Wednesday 9 May 2012

Education and God

This is the start of a big topic, which I have been stimulated to begin after reviewing an extraordinary book of scholarly essays on physics, information, biology and theology edited by Paul Davies and Niels Henrik Gregerson: see I'll post up my review (which is for the Journal of Critical Realism) in the near future. But I'm currently reflecting on the material in the book - which has challenged some of my own underlying assumptions - and am reflecting on what this might mean for education.

It has become unfashionable to assert the importance of God in education, although notable Christian scholars, emphasising the ontological and existential foundations of education, have often drawn attention to it. T.S. Eliot, for example, in arguing that the purpose of education is the "transmission of culture", and that culture can only become what education is able to transmit, complains that:
"In our headlong rush to educate everybody, we are lowering our standards and more and more abandoning the study of those subjects by which the centrals of our culture–of that part of it which is transmissible by education–are transmitted; destroying our ancient edifices to make ready the ground upon which the barbarian nomads of the future will encamp in their mechanised caravans."
C.S. Lewis made much the same argument in "The abolition of man" - an essay on the vices and hubris of technology. More recently, Alisdair Macintyre has complained of the disappearing 'universality' of University education, complaining that in the modern research university, certain questions cannot be asked. Theological issues, he argues, have become marginalised within schools of divinity (if they exist!), whereas such matters used to form the backbone of all academic study.

Davies and Gregerson's book is a sign that the theological backbone might be reasserting itself (if a backbone can assert itself?!) in surprising ways. Fundamentally, this new movement is bubbling up from physics: one of the disciplines whose logical rationalism might be held partly accountable for the marginalising of theology in the first place. Davies is part of a small group of physicists who, staring at the peculiar complexities of quantum mechanics, are questioning the utility of the mechanistic 'common sense' notions of classical physics. Instead of simple notions of 'primary matter' of Newton's "solid, massy, hard, impenetrable, moveable particles" physicists are looking at computational, statistical, informational models of the universe. Computer technology becomes an indispensible tool for the apprehension of the nature of matter, and following this, information becomes the bedrock upon which scientific practice can proceed. 

In addition to this informational focus, there is also an emerging critique of physical causality. In the quantum world there are no regular successions of events as Hume was able to distinguish and establish his theory of causation. In the quantum world, causation seems to operate in a different way, leading many of the contributers to the book to talk of 'downward causation', or degrees of circularity in causation.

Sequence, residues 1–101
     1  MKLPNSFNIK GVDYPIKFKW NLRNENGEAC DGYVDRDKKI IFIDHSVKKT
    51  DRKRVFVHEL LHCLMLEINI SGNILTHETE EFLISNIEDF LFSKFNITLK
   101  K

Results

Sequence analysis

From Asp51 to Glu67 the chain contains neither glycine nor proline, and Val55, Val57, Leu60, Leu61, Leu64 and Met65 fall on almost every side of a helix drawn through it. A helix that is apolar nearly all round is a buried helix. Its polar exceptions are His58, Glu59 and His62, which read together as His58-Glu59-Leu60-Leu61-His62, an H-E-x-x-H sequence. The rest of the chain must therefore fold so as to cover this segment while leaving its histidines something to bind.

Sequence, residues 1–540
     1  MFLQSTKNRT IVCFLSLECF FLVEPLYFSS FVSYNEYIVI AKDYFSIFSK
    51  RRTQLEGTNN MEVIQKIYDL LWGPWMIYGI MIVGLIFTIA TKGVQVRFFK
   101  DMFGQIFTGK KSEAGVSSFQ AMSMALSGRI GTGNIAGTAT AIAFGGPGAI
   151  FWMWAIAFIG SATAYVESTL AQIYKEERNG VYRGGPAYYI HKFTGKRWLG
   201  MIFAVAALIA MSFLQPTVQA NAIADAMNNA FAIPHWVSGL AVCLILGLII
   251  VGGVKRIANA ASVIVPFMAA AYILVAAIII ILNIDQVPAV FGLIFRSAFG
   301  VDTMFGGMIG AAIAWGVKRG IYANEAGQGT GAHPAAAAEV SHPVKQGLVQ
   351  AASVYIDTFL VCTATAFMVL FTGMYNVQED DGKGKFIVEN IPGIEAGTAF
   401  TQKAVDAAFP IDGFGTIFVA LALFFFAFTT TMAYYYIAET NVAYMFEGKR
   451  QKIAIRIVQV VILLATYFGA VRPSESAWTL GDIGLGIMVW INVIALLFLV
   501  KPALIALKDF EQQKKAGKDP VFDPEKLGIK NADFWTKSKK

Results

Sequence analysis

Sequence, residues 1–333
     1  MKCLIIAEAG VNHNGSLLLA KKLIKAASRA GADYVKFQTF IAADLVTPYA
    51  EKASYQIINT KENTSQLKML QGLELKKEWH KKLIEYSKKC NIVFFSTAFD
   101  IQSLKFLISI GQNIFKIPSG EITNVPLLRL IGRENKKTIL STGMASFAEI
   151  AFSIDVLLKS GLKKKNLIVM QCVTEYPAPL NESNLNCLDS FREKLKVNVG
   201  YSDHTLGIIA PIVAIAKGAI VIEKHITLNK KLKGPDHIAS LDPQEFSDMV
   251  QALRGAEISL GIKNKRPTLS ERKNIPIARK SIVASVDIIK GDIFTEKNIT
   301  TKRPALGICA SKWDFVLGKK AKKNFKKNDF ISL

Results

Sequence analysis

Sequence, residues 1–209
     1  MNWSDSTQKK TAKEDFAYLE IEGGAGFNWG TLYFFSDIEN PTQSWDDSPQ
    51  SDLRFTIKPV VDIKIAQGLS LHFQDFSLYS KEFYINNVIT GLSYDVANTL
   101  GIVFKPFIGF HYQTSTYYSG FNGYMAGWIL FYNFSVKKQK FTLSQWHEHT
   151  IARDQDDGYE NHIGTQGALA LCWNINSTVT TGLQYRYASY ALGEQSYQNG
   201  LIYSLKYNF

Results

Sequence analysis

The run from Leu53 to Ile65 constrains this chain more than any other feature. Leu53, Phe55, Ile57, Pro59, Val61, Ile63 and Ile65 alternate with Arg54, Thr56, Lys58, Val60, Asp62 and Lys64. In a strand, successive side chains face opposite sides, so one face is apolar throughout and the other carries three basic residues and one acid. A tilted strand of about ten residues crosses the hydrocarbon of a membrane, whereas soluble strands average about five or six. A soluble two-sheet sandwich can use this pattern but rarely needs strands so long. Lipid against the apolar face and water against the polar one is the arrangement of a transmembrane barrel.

But this means that the inquiry into matter entails an inquiry into information, and information is a poorly understood phenomenon. We use the term very loosely: information is related to communication in terms of the transmission of 'bits', as Claude Shannon discovered. But communication itself is much more than the transfer of information. Meaning, or the semantic content of information, is also fundamental to the process. Then there are issues relating to biology and the 'information' that we consider to be coded in genes. The causal processes by which genetic 'information' contributes to the emergence of form is another category of thinking about 'information'. Genes do not cause the development of an organism; the 'information' of DNA forms part of a process the vast majority of which is obscure. Yet the concept of 'genetic information' has established itself with little deep critique in popular discourse.

Of the types of information which show themselves to be most significant, however, semantic information is the one which takes us back to theology. For the nature of meaningful information implies some kind of consciousness, and it is difficult to escape the possibility of a consciousness outside the realm of the human intellect when observing informational processes in matter and biology. Issues of care and responsibility go hand-in-hand with issues of downwards causation and purpose.

And here we have a problem. Because these issues are arising from those disciplines around which much of the modern curriculum has been constructed, and much of the academic marginalising of theology has taken place. Yet the scientific necessity for the consideration of circular causality, semantics and consciousness in the deeper consideration of matter and biology seems to be encroaching upon us. As computers and 'information' increase their on our own conscious experience and thoughtful practice, there is every reason to expect further pressure to deepen our understanding and questioning of ontological issues in ways where matters of religion are inescapable.

This is of course not to argue for "belief" (which itself it subject to an analysis of information!). But it is to say that some of the fundamental issues of theology are increasingly difficult to escape in our consideration of science. That this may give greater impetus for deeper and more engaged scientific endeavour may be a driver for a richer cultural transmission (that Eliot wishes for), and ultimately a deeper and more engaged critique of education itself.

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